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Anaïs Mitchell and Jefferson Hamer, Child Ballads

Album Review


Published March 13, 2013 at 10:46 a.m.


(Wilderland, CD, digital download)

On their debut collaboration, Child Ballads, Vermont’s Anaïs Mitchell and NYC-based songwriter Jefferson Hamer mine the five-volume treasure trove of old-world folk music that is The English and Scottish Popular Ballads, an anthology compiled by 19th-century collector Sir Francis James Child. Rife with stirring tales of political intrigue, love and death — and witchcraft! — drawn from centuries-old folk songs, Mitchell and Hamer’s lovingly produced adaptation is, simply put, timeless.

Intriguingly, the two chose not to strictly adhere to the linguistic or melodic nuances of their source material. For starters, because they were most often shared orally, there are countless variations of each of these seven songs, making it next to impossible to agree on a definitive version. Wandering minstrels have been taking liberties with these songs for centuries, so why not Mitchell and Hamer?

Additionally, while Old English provides beautifully poetic phrases, in certain instances the original language proved too confusing for modern audiences — raise your hand if you know what “he’s tirled low at the pin” means. So in the interest of attending to each song’s story, Mitchell and Hamer made slight adjustments to the original texts — and, when it served the narrative, to melodies. Coupled with well-considered choices for instrumentation and arrangements that err on the side of sparseness, the result is a record that honors old-world storytelling tradition without losing itself in the heady fog of history.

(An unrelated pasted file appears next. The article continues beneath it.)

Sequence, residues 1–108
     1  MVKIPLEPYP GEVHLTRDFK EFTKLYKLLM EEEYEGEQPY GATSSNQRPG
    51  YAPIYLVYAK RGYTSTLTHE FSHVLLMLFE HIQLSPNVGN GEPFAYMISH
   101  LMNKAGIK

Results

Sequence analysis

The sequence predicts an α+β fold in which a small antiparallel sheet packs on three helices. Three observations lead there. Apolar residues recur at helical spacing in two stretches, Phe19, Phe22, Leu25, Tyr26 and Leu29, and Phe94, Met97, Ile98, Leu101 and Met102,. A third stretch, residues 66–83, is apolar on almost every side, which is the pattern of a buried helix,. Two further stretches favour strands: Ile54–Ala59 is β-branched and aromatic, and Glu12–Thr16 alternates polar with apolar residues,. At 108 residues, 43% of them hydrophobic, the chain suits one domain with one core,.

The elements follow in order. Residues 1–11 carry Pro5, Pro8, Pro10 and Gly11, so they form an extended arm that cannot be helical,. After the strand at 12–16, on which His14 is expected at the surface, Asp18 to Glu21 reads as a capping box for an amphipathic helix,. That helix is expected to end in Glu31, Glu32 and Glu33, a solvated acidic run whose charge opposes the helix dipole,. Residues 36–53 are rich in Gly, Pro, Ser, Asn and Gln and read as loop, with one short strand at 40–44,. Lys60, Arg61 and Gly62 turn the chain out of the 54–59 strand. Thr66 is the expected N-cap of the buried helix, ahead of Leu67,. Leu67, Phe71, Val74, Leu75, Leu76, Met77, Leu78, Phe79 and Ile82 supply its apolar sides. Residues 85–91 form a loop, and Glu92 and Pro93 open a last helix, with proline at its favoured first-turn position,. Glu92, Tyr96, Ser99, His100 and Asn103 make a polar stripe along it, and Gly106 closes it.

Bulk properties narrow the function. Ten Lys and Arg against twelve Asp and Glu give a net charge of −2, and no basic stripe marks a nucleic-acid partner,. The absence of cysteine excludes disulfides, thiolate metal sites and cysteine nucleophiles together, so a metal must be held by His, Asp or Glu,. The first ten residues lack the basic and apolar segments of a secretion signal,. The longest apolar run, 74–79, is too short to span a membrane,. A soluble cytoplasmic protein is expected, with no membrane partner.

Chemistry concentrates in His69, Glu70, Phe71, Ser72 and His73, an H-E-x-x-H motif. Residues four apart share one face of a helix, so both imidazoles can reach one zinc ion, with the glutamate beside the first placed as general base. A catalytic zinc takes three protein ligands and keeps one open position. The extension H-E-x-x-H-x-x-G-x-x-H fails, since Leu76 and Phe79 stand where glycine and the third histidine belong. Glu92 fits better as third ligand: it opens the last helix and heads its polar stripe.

In spite of these modest modern updates, the album’s sense of time and place is absorbing. The richness of language imparts nobility, or at least gravity, as Mitchell’s sprightly voice flitters alongside Hamer’s effortless tenor on foreboding tales of star-crossed lovers, brazen peasants, foolish kings and ill-fated sea voyages. Backed by nimbly plucked acoustic guitars and accented by well-placed swirls of pump organ and fiddle, these breathe with striking vitality.

You’ll find yourself hanging on every word as the duo sings of a noble maiden bearing a peasant’s child out of wedlock (“Willie of Winsbury”); a wife pleading for the life of her wrongly accused husband (“Geordie”); and a scorned mother’s cruel curse (“Clyde Waters”). As Mitchell and Hamer discovered in these ancient songs, this is finely wrought storytelling. And on Child Ballads, Mitchell and Hamer vividly bring those stories to life once more.

Child Ballads by Anaïs Mitchell and Jefferson Hamer is available beginning Tuesday, March 19, at